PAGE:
Welcome to Environmental Inquiry: authentic scientific research for high school students  
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Image of students using a graduated cylinderFor Students
This page answers questions you may have about Environmental Inquiry and points you to resources that will help you conduct environmental science research in your classroom, schoolyard, or community.

Your first question might be, "What do you mean by inquiry?" In Environmental Inquiry, we're referring to these steps:

  1. Ask scientific questions,
  2. Design an investigation to look into one of these questions,
  3. Conduct an experiment - including collecting, analyzing, and interpreting data
  4. Draw conclusions based on the evidence you have collected,
  5. Present your work and get feedback from other students, teachers, and possibly interested community groups.

Frequently asked questions
What is Environmental Inquiry (EI)?
What do students and teachers say about EI?

Glossary
Look up new or confusing terms on the EI website.

Doing Your Own Research
Don't know where to start? This website has a number of resources that can help. If you already know what topic you are interested in but aren't sure how to conduct your own experiment, you could start by reading some tips for planning experiments.

If you don't have a research topic in mind, you could start by browsing through EI's four topics: Toxicology, Ecology, Biodegradation, and Watersheds. Each provides background information, resources, and ideas for experiments.

For example, if you are interested in doing a toxicology project, you could check out suggestions for bioassay experiments or read some completed research reports by other students who have used our online peer review system.

Useful Links
Browse all the links to environmental science resources provided on the EI website.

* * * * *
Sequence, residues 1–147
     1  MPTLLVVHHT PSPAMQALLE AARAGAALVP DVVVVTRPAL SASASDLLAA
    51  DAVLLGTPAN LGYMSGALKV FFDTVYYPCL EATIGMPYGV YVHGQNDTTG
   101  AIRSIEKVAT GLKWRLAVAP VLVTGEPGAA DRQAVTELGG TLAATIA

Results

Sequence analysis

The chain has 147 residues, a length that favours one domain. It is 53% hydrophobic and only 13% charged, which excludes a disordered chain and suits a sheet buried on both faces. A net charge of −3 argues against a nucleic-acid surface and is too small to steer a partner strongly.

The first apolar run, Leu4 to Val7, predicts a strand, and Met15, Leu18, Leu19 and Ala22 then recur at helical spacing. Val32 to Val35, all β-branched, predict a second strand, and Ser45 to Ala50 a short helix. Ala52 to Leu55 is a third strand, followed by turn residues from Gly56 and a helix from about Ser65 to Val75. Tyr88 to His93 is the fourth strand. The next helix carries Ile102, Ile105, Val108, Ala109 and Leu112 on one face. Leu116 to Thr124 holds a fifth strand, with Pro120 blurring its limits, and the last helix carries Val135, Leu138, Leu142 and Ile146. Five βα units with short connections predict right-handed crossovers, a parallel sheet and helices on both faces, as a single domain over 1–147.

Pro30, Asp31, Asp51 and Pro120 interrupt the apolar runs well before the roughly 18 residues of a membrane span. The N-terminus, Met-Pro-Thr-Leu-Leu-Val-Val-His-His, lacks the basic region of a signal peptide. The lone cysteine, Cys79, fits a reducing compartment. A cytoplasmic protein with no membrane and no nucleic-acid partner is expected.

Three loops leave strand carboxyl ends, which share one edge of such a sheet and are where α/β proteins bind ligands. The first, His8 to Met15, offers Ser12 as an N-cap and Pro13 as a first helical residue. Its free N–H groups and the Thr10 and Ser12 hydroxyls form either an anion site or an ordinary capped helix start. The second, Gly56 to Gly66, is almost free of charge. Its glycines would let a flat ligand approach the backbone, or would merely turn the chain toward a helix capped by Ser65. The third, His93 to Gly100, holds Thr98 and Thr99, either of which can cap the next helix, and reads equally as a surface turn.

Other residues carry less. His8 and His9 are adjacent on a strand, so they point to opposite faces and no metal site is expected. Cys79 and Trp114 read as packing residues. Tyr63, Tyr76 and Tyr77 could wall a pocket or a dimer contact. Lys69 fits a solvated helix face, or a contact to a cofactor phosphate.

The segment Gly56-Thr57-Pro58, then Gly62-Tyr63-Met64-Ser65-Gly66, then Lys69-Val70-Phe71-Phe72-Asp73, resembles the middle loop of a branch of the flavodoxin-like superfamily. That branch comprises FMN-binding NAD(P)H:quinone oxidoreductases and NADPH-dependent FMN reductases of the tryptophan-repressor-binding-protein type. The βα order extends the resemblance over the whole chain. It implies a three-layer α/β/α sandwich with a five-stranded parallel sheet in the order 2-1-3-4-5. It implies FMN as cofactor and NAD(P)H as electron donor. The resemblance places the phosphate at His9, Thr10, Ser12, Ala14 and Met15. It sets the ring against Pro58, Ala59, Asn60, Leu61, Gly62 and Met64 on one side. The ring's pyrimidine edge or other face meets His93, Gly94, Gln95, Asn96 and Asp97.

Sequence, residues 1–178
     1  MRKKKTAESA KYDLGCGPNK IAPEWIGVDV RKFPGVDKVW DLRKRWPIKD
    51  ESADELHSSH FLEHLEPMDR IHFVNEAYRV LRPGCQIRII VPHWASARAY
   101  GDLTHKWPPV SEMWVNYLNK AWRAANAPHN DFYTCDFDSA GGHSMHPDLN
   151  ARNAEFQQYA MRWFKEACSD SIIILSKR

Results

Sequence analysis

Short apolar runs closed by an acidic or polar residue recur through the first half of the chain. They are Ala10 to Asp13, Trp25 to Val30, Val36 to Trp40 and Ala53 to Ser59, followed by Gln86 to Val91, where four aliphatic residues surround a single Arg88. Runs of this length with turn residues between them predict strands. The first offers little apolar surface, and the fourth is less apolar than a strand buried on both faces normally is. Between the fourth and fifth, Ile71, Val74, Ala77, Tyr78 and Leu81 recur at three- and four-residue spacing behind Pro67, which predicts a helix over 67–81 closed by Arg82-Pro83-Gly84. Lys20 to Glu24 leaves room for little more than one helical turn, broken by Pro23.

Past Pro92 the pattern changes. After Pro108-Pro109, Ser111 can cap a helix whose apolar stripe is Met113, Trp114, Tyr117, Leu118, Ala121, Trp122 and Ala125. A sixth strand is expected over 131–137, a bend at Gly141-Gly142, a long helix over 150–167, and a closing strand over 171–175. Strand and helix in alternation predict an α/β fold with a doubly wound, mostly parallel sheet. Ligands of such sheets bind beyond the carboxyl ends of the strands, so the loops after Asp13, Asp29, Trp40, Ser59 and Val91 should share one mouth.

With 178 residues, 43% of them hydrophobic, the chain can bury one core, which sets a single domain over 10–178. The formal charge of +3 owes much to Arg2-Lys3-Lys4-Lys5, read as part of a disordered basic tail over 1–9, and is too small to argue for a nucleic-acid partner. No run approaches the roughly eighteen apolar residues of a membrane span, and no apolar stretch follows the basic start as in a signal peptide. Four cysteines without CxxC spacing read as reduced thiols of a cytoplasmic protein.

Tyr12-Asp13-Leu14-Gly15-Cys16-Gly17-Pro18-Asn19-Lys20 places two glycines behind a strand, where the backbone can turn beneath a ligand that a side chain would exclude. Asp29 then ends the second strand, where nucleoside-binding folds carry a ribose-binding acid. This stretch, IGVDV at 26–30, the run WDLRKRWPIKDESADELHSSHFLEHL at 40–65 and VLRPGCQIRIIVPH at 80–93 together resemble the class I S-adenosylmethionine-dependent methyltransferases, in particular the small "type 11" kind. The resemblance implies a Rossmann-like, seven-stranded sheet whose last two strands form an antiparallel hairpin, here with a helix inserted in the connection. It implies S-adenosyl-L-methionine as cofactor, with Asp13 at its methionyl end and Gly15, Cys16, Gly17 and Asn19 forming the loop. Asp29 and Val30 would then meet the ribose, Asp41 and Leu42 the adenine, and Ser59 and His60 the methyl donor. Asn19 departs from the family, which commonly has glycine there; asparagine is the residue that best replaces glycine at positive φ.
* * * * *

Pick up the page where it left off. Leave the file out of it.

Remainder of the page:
Peer Review
Professional scientists rely on feedback from fellow scientists as they plan their research, find funding, and present and publish their results. This process of peer review helps scientists think about their results in new ways, or come up with new ideas. Peer review also helps government and private organizations decide which research projects to fund, and which research papers to publish in scientific journals. EI's peer review tutorial provides more information.

After receiving feedback from fellow students who have carried out similar types of experiments, you may be able to improve your report. You also may find that the process of reviewing reports by other students helps you to think differently about your own work.

EI Websites
In order to provide interactive web-based opportunities for students of all ages, we have created two websites:

  1. The Cornell EI site you currently are visiting, which is designed for use by high school students and teachers, and
  2. Our EI site at Penn State University, which is designed for use by undergraduate students and faculty.


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